New Mexico Population in Flux Due To Immigration and Emigration

For many years now there has a be an almost calculative immigration from New Mexico into the other areas of the country. There are many factors that can play into this and they will be explored. Yet that isn’t to say that New Mexico is completely at a loss. There is some support to be found. Whether or not this support is here to stay, or quick to leave as the population crisis of New Mexico becomes more well-known has yet to be determined, but the citizens of New Mexico are hopeful.

Most of the inhabitants of New Mexico are leaving not because of crime or because there are housing crises, but because there simply are not enough jobs to go around, even if people have the appropriate credentials to score a high-tier job. So, what most of the citizens are doing is getting their education within the state, then moving outward to places like Colorado and Florida to get those jobs that were promised to them. Some of them come back, but most of the time do not. The education of those moving out of the states are usually a bachelor’s degree or higher, with the education of those moving in being a high school diploma at best. This swing can both be fatal and lifesaving for the state, depending on whether those that are moving in have the drive and innovative thoughts to improve the state, or just moved there for the culture. Whichever one it is has yet to be seen, though it is expected to be identified soon.

Even though nobody is actively moving into New Mexico, the state is still supported through the immigration to The United States as a whole. With plenty of people coming from the east and Asia, wealth is redistributed almost constantly, and New Mexico is given enough to keep them going even without a population as big as the other states. Whether this will remain the same, or if New Mexico will be identified as a dead-end state and cut from those rewards, nobody knows, but it is projected to remain the same even as we come into the 20’s and possibly the 30’s.

Most see the cycle of immigration from New Mexico and the support from the government to continue with the years, because of the problems within the state itself, but proof of this conclusion coming to fruition has yet to be seen, because it all depends on which president takes position in office, and if they will see the problem and fix it. Perhaps we will see a definite answer with the election of a new president in 2020, perhaps it will remain the same. Perhaps the citizens themselves will come up with a solution. Nobody knows, but everyone is hopeful for change.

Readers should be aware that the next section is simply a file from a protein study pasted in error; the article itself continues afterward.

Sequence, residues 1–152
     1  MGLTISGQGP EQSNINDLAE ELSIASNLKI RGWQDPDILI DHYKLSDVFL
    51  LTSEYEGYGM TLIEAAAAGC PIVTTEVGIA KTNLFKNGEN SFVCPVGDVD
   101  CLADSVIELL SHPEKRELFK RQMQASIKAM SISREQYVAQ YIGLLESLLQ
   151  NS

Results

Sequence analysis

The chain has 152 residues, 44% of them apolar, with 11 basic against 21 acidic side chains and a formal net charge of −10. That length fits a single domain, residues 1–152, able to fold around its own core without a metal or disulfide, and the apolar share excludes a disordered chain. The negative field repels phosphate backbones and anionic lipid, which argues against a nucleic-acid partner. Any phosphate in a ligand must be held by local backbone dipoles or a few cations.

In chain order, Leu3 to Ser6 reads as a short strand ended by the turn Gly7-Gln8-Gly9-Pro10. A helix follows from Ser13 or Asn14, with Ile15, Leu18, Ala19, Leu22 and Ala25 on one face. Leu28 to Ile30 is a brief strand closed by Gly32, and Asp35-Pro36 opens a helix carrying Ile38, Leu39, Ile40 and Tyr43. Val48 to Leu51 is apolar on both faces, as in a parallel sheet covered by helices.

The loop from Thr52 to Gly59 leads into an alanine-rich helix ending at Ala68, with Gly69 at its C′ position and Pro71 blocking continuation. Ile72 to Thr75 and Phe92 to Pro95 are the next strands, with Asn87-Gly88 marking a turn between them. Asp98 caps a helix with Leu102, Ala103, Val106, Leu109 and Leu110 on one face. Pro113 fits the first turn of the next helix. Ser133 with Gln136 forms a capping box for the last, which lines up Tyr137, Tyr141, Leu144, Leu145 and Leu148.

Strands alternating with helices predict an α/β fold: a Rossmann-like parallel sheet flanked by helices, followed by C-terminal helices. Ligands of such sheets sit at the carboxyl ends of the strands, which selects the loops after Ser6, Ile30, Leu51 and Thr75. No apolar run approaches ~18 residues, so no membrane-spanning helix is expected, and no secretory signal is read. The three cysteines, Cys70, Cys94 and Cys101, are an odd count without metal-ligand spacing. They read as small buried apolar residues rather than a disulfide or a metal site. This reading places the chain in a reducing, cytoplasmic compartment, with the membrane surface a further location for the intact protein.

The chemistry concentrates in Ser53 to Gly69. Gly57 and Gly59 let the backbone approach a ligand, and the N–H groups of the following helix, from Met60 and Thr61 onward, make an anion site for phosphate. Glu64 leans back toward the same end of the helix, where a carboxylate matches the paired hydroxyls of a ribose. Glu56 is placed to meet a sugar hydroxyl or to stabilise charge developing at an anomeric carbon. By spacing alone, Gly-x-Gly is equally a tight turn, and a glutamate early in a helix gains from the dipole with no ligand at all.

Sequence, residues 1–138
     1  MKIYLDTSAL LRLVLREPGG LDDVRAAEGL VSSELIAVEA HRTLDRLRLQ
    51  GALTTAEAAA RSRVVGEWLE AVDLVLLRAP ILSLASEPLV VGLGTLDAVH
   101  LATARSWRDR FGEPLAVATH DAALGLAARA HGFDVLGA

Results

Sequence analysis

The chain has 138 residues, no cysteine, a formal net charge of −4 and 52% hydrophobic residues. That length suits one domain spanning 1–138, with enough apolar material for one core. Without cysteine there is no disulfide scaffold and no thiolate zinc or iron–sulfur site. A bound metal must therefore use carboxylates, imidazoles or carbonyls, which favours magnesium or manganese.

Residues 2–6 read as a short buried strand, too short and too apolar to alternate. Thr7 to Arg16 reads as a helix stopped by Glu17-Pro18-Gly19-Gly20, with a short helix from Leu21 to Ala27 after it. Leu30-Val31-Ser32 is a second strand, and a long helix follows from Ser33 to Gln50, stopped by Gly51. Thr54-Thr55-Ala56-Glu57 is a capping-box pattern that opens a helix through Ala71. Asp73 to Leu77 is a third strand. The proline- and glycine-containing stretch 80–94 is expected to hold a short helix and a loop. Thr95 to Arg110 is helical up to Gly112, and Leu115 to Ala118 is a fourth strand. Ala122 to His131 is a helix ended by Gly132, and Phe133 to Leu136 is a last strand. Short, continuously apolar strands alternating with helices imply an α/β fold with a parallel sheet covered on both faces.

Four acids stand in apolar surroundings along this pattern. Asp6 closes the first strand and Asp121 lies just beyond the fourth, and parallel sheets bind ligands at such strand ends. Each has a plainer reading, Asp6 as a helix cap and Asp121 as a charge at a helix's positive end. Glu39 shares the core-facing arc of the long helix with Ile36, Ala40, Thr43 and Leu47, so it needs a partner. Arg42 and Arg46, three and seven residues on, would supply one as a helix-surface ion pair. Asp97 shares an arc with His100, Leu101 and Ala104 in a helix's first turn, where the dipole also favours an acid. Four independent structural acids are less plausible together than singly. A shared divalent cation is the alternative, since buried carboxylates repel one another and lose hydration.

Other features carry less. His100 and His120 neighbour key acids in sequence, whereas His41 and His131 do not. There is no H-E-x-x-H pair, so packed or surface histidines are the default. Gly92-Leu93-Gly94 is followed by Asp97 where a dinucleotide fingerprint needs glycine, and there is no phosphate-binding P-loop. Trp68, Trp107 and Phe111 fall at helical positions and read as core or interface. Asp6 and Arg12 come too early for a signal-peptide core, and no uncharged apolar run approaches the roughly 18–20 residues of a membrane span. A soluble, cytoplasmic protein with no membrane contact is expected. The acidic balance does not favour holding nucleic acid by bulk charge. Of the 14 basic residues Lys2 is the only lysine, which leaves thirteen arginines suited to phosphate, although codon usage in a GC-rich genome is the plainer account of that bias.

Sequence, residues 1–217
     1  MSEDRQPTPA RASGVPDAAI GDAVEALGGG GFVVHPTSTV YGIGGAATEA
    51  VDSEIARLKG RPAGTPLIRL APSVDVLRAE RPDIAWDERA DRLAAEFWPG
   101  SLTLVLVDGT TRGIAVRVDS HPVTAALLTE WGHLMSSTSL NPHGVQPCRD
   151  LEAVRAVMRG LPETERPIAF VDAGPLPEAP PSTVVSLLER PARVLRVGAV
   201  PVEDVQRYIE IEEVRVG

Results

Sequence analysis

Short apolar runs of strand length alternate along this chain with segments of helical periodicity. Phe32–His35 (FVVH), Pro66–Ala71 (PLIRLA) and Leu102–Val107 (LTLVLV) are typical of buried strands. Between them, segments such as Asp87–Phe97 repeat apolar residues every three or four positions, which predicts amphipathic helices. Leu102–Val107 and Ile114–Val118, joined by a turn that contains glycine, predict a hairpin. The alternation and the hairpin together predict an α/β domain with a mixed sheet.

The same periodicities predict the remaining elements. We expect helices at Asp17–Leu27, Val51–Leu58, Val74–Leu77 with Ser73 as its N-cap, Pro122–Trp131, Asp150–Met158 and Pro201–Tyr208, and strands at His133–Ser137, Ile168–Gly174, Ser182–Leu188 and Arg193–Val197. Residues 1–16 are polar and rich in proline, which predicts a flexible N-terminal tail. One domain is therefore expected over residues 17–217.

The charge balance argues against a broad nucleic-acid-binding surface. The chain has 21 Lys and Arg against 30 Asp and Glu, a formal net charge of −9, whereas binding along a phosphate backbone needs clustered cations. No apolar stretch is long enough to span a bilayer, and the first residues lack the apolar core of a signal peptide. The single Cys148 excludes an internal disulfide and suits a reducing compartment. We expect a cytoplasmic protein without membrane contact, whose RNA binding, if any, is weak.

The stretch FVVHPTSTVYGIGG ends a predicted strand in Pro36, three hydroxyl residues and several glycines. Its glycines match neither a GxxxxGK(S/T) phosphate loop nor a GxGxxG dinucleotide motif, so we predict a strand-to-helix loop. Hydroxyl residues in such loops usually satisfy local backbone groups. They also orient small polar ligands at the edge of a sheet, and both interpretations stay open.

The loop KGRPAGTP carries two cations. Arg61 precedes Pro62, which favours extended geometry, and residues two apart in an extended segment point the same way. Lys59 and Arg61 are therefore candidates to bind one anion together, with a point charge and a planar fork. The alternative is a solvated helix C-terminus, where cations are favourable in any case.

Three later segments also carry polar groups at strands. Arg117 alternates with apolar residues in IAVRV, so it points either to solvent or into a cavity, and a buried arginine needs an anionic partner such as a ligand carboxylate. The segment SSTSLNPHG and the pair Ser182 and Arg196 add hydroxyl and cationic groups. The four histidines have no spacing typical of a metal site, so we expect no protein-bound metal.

Find Homes in Corrales, New Mexico

It’s easy to find Corrales, New Mexico real estate and homes for sale, as well as New Mexico house values. We make it easy to get access to Corrales, NM listings, top Corrales real estate, new real estate and foreclosures.  

Many resources provide Corrales, New Mexico real estate and homes for sale information and resources to guide homeowners and home-buyers through the process of selling and buying a house, condo or other property in the areaServices are also available to help you find Corrales New Mexico real estate and homes for sale, get the value of your Corrales New Mexico real estate and a comparative market analysis, view Corrales New Mexico real estate listings, prepare your real estate for sale, and more.  

Buying or selling real estate is a big decision, and it’s probably one of the biggest investments you will make in your lifeThat’s why it’s important to have an informative, honest and reliable realtor by your side. They will make the buying/selling process easy and painless. There are countless resources for this, and we recommend choosing a realtor before jumping into the process. 

In the market but not sure what you want? Check out listings for Corrales NM homes for sale, condos, Corrales, NM new homes and foreclosures. 

Contacting a Corrales, NM realtor will aid you in your home search, and they’ll give you great advice and information.